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April 9, 2014

Jonathan Tobin: Why Did Kerry Lie About Israeli Blame?

Samuel G. Freedman: A resolution 70 years later for a father's unsettling legacy of ashes from Dachau

Jessica Ivins: A resolution 70 years later for a father's unsettling legacy of ashes from Dachau

Kim Giles: Asking for help is not weakness

Kathy Kristof and Barbara Hoch Marcus: 7 Great Growth Israeli Stocks

Matthew Mientka: How Beans, Peas, And Chickpeas Cleanse Bad Cholesterol and Lowers Risk of Heart Disease

Sabrina Bachai: 5 At-Home Treatments For Headaches

The Kosher Gourmet by Daniel Neman Have yourself a matzo ball: The secrets bubby never told you and recipes she could have never imagined

April 8, 2014

Lori Nawyn: At Your Wit's End and Back: Finding Peace

Susan B. Garland and Rachel L. Sheedy: Strategies Married Couples Can Use to Boost Benefits

David Muhlbaum: Smart Tax Deductions Non-Itemizers Can Claim

Jill Weisenberger, M.S., R.D.N., C.D.E : Before You Lose Your Mental Edge

Dana Dovey: Coffee Drinkers Rejoice! Your Cup Of Joe Can Prevent Death From Liver Disease

Chris Weller: Electric 'Thinking Cap' Puts Your Brain Power Into High Gear

The Kosher Gourmet by Marlene Parrish A gift of hazelnuts keeps giving --- for a variety of nutty recipes: Entree, side, soup, dessert

April 4, 2014

Rabbi David Gutterman: The Word for Nothing Means Everything

Charles Krauthammer: Kerry's folly, Chapter 3

Amy Peterson: A life of love: How to build lasting relationships with your children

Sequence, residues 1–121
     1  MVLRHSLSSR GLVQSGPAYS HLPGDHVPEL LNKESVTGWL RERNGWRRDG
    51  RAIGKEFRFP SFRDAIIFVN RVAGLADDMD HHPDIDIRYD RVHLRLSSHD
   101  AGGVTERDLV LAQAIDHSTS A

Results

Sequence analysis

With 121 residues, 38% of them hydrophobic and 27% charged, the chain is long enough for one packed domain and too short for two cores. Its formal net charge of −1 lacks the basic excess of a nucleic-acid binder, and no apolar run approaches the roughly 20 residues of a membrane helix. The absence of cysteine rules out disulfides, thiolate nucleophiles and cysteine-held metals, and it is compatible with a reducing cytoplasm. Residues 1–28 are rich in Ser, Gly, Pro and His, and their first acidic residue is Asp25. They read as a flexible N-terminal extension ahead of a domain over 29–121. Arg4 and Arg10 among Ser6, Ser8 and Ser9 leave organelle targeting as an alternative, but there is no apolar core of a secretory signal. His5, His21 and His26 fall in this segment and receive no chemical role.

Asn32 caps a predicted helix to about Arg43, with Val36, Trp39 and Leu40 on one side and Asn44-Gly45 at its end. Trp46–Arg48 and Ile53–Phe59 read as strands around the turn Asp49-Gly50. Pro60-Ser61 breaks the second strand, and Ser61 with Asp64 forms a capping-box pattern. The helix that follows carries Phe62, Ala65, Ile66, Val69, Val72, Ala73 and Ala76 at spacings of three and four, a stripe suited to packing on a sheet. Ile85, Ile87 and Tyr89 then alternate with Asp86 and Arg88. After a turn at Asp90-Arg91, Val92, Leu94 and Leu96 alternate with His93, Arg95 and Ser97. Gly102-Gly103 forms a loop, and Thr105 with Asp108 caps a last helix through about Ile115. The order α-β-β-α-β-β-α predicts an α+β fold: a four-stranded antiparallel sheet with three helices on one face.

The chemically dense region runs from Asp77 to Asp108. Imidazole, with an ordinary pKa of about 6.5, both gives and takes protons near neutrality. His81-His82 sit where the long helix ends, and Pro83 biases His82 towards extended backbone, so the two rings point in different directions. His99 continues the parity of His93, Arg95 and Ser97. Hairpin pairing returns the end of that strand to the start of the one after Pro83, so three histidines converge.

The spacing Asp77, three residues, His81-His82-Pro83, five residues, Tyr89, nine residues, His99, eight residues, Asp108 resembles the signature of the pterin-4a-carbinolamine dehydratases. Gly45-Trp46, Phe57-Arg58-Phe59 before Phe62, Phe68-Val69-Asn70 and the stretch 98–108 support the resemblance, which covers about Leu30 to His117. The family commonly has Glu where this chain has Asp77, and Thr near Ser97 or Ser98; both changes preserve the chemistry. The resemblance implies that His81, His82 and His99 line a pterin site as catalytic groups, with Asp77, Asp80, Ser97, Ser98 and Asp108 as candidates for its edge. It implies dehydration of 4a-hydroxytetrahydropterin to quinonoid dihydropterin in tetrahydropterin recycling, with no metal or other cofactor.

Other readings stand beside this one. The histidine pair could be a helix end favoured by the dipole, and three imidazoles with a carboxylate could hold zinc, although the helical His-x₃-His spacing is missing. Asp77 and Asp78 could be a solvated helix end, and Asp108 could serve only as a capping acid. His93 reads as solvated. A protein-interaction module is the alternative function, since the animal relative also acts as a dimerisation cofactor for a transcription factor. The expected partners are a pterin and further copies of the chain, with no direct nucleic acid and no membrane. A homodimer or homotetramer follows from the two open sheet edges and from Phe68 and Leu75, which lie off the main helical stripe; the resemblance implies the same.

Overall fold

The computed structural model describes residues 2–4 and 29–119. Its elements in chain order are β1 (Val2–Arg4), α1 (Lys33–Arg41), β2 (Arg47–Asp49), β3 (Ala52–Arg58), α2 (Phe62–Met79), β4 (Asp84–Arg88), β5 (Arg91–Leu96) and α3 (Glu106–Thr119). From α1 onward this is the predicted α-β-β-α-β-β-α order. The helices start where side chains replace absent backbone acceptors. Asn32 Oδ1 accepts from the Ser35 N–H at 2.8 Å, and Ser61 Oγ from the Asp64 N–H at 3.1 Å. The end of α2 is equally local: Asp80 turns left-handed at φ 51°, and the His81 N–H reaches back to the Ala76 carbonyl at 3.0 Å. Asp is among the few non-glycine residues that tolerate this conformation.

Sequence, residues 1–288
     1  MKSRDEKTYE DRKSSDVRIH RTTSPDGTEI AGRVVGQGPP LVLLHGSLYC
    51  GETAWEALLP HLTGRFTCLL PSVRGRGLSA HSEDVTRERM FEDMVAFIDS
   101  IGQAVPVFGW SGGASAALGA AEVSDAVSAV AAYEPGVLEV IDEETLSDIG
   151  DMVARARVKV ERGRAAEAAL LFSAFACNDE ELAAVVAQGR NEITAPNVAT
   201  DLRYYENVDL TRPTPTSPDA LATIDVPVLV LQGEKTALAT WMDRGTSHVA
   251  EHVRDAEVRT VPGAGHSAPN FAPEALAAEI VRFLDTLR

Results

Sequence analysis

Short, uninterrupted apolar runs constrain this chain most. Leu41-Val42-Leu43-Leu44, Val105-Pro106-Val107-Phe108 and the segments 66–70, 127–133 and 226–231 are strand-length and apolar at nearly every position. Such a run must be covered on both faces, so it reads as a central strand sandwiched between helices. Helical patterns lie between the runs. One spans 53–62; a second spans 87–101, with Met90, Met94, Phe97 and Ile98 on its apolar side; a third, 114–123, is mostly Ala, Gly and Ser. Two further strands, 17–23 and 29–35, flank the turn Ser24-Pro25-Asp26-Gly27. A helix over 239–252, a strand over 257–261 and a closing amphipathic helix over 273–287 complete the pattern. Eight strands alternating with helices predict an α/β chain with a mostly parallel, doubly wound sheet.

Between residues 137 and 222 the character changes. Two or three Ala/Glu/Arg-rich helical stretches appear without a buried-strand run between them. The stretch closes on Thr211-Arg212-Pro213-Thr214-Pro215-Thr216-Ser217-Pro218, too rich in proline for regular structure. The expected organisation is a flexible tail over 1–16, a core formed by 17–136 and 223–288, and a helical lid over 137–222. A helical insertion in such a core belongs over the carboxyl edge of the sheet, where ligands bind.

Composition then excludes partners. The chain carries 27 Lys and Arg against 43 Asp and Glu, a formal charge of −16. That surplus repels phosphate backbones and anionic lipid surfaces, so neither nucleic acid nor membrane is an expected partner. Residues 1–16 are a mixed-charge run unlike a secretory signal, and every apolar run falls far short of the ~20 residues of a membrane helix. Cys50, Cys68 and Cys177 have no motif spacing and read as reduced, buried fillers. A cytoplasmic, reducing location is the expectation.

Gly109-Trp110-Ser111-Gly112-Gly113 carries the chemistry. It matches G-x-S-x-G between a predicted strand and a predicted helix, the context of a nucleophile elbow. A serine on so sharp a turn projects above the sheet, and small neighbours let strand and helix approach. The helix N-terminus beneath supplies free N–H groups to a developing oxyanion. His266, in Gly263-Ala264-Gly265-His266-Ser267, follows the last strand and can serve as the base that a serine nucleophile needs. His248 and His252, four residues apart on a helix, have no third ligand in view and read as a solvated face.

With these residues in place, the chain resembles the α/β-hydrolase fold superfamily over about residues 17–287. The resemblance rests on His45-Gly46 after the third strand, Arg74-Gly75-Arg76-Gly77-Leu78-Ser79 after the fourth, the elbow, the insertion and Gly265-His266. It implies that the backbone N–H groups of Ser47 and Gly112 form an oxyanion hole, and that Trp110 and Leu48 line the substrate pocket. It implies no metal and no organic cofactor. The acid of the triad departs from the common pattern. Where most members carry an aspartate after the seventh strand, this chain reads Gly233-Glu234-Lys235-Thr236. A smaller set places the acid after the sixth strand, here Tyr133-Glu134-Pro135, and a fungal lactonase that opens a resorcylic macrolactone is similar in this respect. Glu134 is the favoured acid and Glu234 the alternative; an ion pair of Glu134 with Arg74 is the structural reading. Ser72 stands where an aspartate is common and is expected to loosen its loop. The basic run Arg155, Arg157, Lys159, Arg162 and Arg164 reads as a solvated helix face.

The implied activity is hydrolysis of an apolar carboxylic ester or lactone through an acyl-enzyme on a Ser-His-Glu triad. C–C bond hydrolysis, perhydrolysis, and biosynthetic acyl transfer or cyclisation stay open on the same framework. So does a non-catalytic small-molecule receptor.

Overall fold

John Ericson: Older Women: Save Your Heart, Prevent Stroke Don't Drink Diet

John Ericson: Why 50 million Americans will still have spring allergies after taking meds

Cameron Huddleston: Best and Worst Buys of April 2014

Stacy Rapacon: Great Mutual Funds for Young Investors

Sarah Boesveld: Teacher keeps promise to mail thousands of former students letters written by their past selves

The Kosher Gourmet by Sharon Thompson Anyone can make a salad, you say. But can they make a great salad? (SECRETS, TESTED TECHNIQUES + 4 RECIPES, INCLUDING DRESSINGS)

April 2, 2014

Paul Greenberg: Death and joy in the spring

Dan Barry: Should South Carolina Jews be forced to maintain this chimney built by Germans serving the Nazis?

Mayra Bitsko: Save me! An alien took over my child's personality

Frank Clayton: Get happy: 20 scientifically proven happiness activities

Susan Scutti: It's Genetic! Obesity and the 'Carb Breakdown' Gene

Lecia Bushak: Why Hand Sanitizer May Actually Harm Your Health

Stacy Rapacon: Great Funds You Can Own for $500 or Less

Cameron Huddleston: 7 Ways to Save on Home Decor

The Kosher Gourmet by Steve Petusevsky Exploring ingredients as edible-stuffed containers (TWO RECIPES + TIPS & TECHINQUES)

Jewish World Review Sept. 15, 2010 / 7 Tishrei, 5771

You Can't Rule on Personality Alone

By Jonah Goldberg




http://www.JewishWorldReview.com | "Surely the Lord sent Jimmy Carter," the Rev. Martin Luther King Jr.'s father proclaimed at the 1976 Democratic convention, "to come on out and bring America back where she belongs."

Carter campaigned on his personal religiosity far more than any other president since World War II. In an interview with Pat Robertson on the Christian Broadcasting Network, Carter explained that "secular law is compatible with G0d's laws," but if the two were in conflict, "we should honor G0d's law." Robertson endorsed Carter. So did Lou Sheldon of the Traditional Values Coalition, who said, "G0d has his hand upon Jimmy Carter to run for president."